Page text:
The architectural conscience of the nation
Country Life UK|January 05, 2022
Michael Hall, a former Architectural Editor and Deputy Editor of COUNTRY LIFE, looks back at the magazine’s formation of its architectural coverage from 1897 to 1939
Michael Hall

FROM the moment I walked into the office at COUNTRY LIFE in May 1989 for my first day as its new Architectural Writer, I was made aware that I was joining an august tradition. Over the desk of the then Architectural Editor Giles Worsley were pinned the intimidating words ‘COUNTRY LIFE is the keeper of the architectural conscience of the nation’, written by the Liberal politician Lord Runciman in 1913, when the magazine was already 16 years old. Although COUNTRY LIFE had, in the 1970s, left its purpose-built office in Covent Garden for a tower block on the South Bank, the Architectural Editor still used one of the armchairs that the architect of its old home, Edwin Lutyens, had designed for it in 1905. On my desk, sandwiched between shelves stuffed with the ‘Buildings of England’ and the thick volumes of The Complete Peerage, I found a welcoming gift from the senior Architectural Writer, John Cornforth —a copy of his recently published book The Search for a Style: ‘Country Life’ and Architecture 1897–1935, which he had inscribed ‘Welcome to the Boys’ Brigade’. The joke was—perhaps unintentionally—pointed: COUNTRY LIFE had appointed its first female editor, Jenny Greene, only three years before, but it was not to hire its first female Architectural Writer, Mary Miers, until 1998.

Cornforth’s book, the first scholarly account of the magazine’s architectural coverage, had been prompted by a project initiated by Miss Greene, the cataloguing of its enormous photographic archive, much of it then still in the form of glass-plate negatives. I arrived at a time when the magazine was showing a revived interest in its own history. It was only recently that academic attention had turned to the late-Victorian and Edwardian culture out of which COUNTRY LIFE had emerged, thanks in part to The Last Country Houses, published in 1982 by Clive Aslet, who had joined the magazine as an Architectural Writer in 1977 and, in 1993, was to succeed Miss Greene as Editor.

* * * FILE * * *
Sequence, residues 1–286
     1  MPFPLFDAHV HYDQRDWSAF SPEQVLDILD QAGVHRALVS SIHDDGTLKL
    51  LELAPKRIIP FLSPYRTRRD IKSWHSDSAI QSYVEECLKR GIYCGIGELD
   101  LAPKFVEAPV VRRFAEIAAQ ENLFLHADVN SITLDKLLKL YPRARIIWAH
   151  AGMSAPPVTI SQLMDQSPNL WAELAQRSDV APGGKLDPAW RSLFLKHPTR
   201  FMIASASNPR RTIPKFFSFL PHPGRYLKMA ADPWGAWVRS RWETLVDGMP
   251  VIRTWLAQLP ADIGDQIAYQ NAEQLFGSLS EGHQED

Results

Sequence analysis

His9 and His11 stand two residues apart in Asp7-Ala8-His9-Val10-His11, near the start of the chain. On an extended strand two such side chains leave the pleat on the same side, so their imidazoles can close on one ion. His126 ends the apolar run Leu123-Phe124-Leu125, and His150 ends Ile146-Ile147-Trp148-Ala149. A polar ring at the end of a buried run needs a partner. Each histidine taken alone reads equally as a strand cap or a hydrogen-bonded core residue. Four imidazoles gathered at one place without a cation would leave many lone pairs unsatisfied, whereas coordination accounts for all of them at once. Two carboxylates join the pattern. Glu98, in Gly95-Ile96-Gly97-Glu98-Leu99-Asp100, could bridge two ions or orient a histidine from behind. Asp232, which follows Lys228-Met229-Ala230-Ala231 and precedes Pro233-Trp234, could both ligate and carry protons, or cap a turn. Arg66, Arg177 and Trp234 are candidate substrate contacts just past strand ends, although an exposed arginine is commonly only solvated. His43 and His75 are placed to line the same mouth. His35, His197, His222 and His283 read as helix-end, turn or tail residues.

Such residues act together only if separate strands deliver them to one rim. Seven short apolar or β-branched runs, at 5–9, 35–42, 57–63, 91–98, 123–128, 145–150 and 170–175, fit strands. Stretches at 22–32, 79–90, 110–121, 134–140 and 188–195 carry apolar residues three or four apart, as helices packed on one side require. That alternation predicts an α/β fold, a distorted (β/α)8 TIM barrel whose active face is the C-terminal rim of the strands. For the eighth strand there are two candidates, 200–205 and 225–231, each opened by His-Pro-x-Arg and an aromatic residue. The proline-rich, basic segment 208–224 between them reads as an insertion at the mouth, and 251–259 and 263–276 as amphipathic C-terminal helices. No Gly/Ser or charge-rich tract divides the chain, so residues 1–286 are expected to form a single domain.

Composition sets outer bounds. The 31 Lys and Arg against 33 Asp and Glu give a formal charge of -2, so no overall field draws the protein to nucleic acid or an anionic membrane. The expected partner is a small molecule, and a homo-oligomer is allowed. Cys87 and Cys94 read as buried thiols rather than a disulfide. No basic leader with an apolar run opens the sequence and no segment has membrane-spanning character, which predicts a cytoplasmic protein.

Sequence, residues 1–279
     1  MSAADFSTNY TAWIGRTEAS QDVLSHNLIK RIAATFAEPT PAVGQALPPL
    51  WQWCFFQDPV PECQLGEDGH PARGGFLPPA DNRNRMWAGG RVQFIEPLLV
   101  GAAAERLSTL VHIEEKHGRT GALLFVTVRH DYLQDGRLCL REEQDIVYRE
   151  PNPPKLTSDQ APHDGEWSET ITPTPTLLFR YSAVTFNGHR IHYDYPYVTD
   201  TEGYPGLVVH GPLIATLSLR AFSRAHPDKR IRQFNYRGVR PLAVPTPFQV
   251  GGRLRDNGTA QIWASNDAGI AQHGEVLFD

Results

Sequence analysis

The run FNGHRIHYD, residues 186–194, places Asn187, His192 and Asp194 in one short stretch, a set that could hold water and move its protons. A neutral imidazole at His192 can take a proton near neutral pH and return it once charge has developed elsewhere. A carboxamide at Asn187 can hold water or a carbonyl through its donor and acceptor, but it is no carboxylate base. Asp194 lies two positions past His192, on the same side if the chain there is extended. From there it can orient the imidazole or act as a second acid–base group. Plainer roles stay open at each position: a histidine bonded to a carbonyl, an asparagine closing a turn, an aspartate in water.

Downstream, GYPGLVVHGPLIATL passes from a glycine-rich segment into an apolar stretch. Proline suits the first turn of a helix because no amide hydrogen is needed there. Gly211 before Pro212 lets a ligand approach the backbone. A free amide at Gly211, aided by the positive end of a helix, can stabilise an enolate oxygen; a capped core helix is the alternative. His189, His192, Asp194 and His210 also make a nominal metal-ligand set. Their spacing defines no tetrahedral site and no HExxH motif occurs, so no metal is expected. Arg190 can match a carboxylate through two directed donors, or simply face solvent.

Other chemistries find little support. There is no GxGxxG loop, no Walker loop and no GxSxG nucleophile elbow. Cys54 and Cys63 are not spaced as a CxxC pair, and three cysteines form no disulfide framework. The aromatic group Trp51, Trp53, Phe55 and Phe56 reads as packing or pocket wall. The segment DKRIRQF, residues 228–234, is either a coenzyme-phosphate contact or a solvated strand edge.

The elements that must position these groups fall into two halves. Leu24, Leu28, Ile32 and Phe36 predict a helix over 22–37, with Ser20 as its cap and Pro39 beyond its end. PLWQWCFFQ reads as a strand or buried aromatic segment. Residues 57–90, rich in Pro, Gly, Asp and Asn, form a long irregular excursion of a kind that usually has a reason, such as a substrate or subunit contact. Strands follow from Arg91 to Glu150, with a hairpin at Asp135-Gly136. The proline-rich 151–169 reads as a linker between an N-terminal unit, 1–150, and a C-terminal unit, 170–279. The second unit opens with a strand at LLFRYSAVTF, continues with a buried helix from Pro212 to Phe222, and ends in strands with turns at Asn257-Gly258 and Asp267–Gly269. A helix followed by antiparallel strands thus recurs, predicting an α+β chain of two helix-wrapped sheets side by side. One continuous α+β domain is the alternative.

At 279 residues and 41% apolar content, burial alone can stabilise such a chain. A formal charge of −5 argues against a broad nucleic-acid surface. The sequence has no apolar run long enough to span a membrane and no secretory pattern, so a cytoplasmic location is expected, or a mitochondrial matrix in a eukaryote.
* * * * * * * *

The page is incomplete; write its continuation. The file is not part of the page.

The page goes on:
In the run-up to the magazine’s celebration in 1997 of its centenary, he launched a series of picture books based on the photographic archive. Researching the text for the first title, The English Country House: From the Archives of ‘Country Life’ 1897–1939, published in 1994, soon made me realise how quickly the magazine’s weekly article on a country house had taken shape. In the late 1980s I was inducted into a way of planning and writing those articles that had been set more than 60 years before.

Nobody who picked up a copy of an early issue of the magazine would have guessed that it was to achieve a reputation for scholarly articles on historic architecture or well-informed criticism of contemporary buildings—subjects that went hand in hand, as the magazine’s coverage of the former was intended to influence modern designers. When he founded COUNTRY LIFE in 1897 in collaboration with the publisher George Newnes, Edward Hudson knew what he wanted, but didn’t know how to achieve it. As the owner of a printing company, he was able to impose high production values from the start, but, although he wanted it to be a celebration of the beauties and values of the British countryside, he was neither an editor nor a writer.

The early articles on houses were by freelance writers with no special expertise. The first issue included—together with features on golf, the rules of association football and the Princess of Wales’s dogs—a brief article on moated medieval Baddesley Clinton, Warwickshire. Its two photographs were accompanied by a page of evocative, but uninformative text by John Leyland: ‘Among all the counties of Great Britain there are few shires more famous for princely mansions and quaint old houses of old-lineaged English gentlemen than that of Warwick […] mailed knights have dwelt within their walls, fugitives in troublous times have fed to their secret chambers, cavaliers have knocked at oaken doors.’

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